The two firms signed a contract last year under which Webswell would consult, develop, and test software for Auto/Mate. It appears that starting point for the work to be performed included both existing proprietary software, owned by Webswell, and open source code licensed under the Academic Free License (AFL). Note: The original version of this story incorrectly identified the license as the Artistic License.
In the lawsuit filed in the United States District Court, Northern District of New York, Auto/Mate asserts that it owns the software developed for the company by Webswell, and that by posting the source code for that software on various open source Web sites, Webswell has violated its copyright.
The agreement between the two firms discusses ownership of the finished product in the following section:
5 DEVELOPED SOFTWARE AND DOCUMENTATION
All components previously developed or acquired by Webswell under any commercial or Open Source license shall remain under original license.
Any software components developed for Customer by Webswell will be owned by Customer. The
Customer shall have all rights of ownership in the developed software, except to the extent that any of Webswell's previously developed proprietary software, is embedded in the developed software, Webswell's proprietary software shall remain the exclusive property of Webswell and Customer shall have no ownership interest therein. Customer shall have a nonexclusive right to use Webswell's proprietary software to the extent embedded in the developed software. The ownership and copyright provided under this paragraph, is subject to payment in full of all Services performed in creating the developed software or portions thereof.
Note that while the agreement specifically covers previously developed proprietary and open source code remaining under their original licenses, there is no further mention of ownership of code developed from open source code. There is, however, that unequivocal statement that "Any software components developed for Customer by Webswell will be owned by Customer."
The AFL includes these terms:
Grant of Copyright License. Licensor grants You a worldwide, royalty-free, non-exclusive, sublicensable license, for the duration of the copyright, to do the following:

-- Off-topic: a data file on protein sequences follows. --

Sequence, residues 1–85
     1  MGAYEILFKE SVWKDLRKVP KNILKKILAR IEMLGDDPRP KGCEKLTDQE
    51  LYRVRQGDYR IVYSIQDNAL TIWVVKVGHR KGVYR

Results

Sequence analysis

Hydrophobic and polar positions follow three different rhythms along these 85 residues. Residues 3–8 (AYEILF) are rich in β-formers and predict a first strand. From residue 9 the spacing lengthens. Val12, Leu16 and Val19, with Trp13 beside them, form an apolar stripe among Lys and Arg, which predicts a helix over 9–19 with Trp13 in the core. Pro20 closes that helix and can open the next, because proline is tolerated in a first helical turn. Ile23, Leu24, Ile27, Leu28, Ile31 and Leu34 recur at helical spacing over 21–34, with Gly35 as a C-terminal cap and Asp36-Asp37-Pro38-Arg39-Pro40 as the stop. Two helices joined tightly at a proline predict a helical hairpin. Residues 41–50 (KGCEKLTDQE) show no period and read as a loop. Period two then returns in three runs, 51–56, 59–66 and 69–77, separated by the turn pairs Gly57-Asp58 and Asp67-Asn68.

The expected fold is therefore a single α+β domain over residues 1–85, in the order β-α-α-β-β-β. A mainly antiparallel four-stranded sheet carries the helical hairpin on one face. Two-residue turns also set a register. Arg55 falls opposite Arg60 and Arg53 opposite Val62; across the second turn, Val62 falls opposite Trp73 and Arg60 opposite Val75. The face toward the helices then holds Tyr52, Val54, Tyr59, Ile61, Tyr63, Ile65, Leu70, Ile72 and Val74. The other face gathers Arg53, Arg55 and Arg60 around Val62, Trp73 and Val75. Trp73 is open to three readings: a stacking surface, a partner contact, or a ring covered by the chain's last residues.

1. to reproduce the Original Work in copies, either alone or as part of a collective work;
2. to translate, adapt, alter, transform, modify, or arrange the Original Work, thereby creating derivative works ("Derivative Works") based upon the Original Work;
3. to distribute or communicate copies of the Original Work and Derivative Works to the public, under any license of your choice that does not contradict the terms and conditions, including Licensor's reserved rights and remedies, in this Academic Free License;
4. to perform the Original Work publicly; and
5. to display the Original Work publicly.
Larry Rosen, the author of Open Source Licensing: Software Freedom and
Intellectual Property Law and Lecturer in Law at Stanford University,
declined to comment on the case itself. But he did offer this advice:
What I will say is that it is *always* important to understand fully the
requirements of both any open source and proprietary licenses for software
you use, and to make your contracts clear and unambiguous. Ownership of
software depends upon that.
After reading the consulting agreement and a copy of the lawsuit, two questions stand out in my mind that will have to be settled by the judge, if the case goes to court.
First, did Webswell promise something it could not deliver -- the ownership of open source code -- in the agreement? Second, who owns the copyright to the non-proprietary code developed under the terms of that agreement -- the open source project(s) involved, or Auto/Mate?